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A curator who 14 years ago was a front-of-house assistant directing visitors to the highlights and toilets of the National Portrait Gallery in London is to return as the organization’s new director.

Nicholas Cullinan, who co-curated Tate Modern’s blockbuster Matisse cutouts exhibition last year with Sir Nicholas Serota, has been chosen to replace Sandy Nairne and become only the 12th director in the NPG’s 158-year history.

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Nicholas Penny is to retire as National Gallery director to spend more time with “family, friends and books”.

Dr Penny, who turns 65 in December will step down next year once a successor has been appointed.

His retirement leaves two of the top jobs in British arts up for grabs, after the National Portrait Gallery director, Sandy Nairne, recently announced his impending departure.

It will also bring to an end the most successful period in the National Gallery's history.

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Sandy Nairne has decided to step down in February 2015 as director of the National Portrait Gallery, London, after 12 years, to pursue his writing and advisory work, it was announced today, Thursday 12 June 2014.

Sandy Nairne says: ‘It has been a great privilege to lead such a special institution as the National Portrait Gallery, and I am very proud of what we have achieved over the past decade. The fact that two million visitors now come each year to visit exhibitions, take part in activities or see displays of this amazing Collection in London, as well as around the country or online, is testimony to the dedication of all who work at the Gallery and those who support it in so many different ways. The Gallery is in very good shape and will go from strength to strength.’

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The National Portrait Gallery in London has acquired a 17th century portrait of Lady Anne Clifford, an early feminist and patron of the arts. When Lady Clifford died in 1676 at the age of 86, she was likely Britain’s wealthiest woman. Clifford fought a lifelong battle for her inheritance from her father, George Clifford, Third Earl of Cumberland, which had been left to her uncle. Through archival research and dogged legal disputes, Lady Clifford established the justice of her claims.  

William Larkin painted the portrait recently acquired by the National Portrait Gallery in 1616 when Lady Clifford was 28 years old. The work was given to her cousin but then lost for centuries. It was traced by gallery owner Mark Weiss to a European private collection and purchased by the National Portrait Gallery for £275,000, including a £70,000 grant from the Art Fund charity.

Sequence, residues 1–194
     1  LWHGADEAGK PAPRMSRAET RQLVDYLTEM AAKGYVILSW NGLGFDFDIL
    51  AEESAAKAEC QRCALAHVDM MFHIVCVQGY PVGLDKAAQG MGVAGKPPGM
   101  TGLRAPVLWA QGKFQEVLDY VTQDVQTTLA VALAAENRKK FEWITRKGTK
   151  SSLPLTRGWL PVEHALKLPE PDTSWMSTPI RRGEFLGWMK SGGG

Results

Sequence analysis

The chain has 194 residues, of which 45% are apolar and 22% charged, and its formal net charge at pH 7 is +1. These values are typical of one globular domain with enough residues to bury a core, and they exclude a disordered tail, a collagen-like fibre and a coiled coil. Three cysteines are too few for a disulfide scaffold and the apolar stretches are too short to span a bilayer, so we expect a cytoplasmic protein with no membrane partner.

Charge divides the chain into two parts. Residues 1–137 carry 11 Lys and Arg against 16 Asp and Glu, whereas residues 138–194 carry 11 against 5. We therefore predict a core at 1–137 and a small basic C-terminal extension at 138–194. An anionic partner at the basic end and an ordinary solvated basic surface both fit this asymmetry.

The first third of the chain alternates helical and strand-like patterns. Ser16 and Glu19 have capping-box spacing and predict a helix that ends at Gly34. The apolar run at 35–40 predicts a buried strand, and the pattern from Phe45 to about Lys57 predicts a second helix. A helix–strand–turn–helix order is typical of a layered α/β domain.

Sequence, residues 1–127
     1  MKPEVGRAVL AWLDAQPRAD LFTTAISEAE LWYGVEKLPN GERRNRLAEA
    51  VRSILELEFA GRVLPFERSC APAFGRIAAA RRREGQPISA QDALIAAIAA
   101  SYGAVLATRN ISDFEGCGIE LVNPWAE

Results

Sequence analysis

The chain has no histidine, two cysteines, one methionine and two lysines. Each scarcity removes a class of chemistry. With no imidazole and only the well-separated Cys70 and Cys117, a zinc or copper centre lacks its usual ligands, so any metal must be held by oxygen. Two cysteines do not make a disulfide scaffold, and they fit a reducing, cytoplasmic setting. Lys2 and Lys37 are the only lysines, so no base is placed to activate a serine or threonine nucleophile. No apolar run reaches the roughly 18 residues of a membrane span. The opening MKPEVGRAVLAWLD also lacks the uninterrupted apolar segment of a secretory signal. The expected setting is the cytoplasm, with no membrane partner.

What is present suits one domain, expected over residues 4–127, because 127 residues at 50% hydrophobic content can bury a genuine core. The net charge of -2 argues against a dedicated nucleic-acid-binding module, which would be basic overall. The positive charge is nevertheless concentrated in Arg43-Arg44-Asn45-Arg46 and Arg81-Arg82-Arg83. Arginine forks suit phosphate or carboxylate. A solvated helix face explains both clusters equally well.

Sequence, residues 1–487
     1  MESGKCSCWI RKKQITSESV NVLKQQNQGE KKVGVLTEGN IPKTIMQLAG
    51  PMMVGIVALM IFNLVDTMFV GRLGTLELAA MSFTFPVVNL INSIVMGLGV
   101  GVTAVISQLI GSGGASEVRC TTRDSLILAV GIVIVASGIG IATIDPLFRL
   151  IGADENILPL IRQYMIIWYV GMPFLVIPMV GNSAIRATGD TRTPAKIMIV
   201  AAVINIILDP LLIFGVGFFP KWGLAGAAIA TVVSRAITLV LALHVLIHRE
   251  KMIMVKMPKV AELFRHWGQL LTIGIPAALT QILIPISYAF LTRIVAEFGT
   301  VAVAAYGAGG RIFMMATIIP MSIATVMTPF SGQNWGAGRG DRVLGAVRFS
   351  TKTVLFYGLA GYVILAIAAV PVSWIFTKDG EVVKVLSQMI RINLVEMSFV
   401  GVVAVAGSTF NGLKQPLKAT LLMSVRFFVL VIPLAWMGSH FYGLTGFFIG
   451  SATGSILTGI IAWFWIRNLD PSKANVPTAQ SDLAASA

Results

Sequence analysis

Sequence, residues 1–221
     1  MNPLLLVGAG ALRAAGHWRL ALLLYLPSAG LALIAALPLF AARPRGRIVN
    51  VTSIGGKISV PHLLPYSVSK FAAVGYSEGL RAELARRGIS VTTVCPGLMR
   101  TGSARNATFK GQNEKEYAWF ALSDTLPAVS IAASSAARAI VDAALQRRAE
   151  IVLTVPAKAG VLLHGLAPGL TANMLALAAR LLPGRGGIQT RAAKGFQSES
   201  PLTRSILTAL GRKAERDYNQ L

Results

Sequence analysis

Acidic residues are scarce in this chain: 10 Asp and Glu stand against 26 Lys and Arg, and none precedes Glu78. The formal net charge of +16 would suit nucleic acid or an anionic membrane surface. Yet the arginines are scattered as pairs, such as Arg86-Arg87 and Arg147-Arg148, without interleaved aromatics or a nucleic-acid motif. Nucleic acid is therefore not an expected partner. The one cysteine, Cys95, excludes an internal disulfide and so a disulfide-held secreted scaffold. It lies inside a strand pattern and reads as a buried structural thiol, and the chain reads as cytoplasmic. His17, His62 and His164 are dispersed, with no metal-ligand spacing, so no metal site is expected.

Sandy Nairne, director of the National Portrait Gallery, said, “Lady Anne Clifford painted by William Larkin is a fascinating portrait of an important woman, and I am very grateful to the Art Fund and our generous individual supporters who have made the acquisition possible.”

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A portrait of Winston Churchill by Sir William Orpen, a renowned British portrait painter and war artist, will go on public display after years of hanging in the home of Churchill’s late grandson.

Dating back to 1916, the portrait was painted before Churchill became prime minister, but after he resigned from his post as First Lord of the Admiralty due to the failure of WWI’s Gallipoli campaign, the joint British and French operation that was mounted to capture the Ottoman capital of Constantinople and secure a sea route to Russia. Churchill had said that the portrait revealed his soul during one of his darkest hours.

The painting will go on display today at the National Portrait Gallery in London as part of a 10-year loan. The National Portrait Gallery said that Churchill regarded the emotionally revealing painting as the finest one of himself. The portrait was briefly on view at a 2005 exhibition at the Imperial War Museum but has otherwise remained out of public sight. Sandy Nairne, the National Portrait Gallery’s director said, “I am very pleased that the Churchill family has agreed that this outstanding portrait by William Orpen of Winston Churchill, the nation’s greatest 20th century statesman, should now be on public display.”

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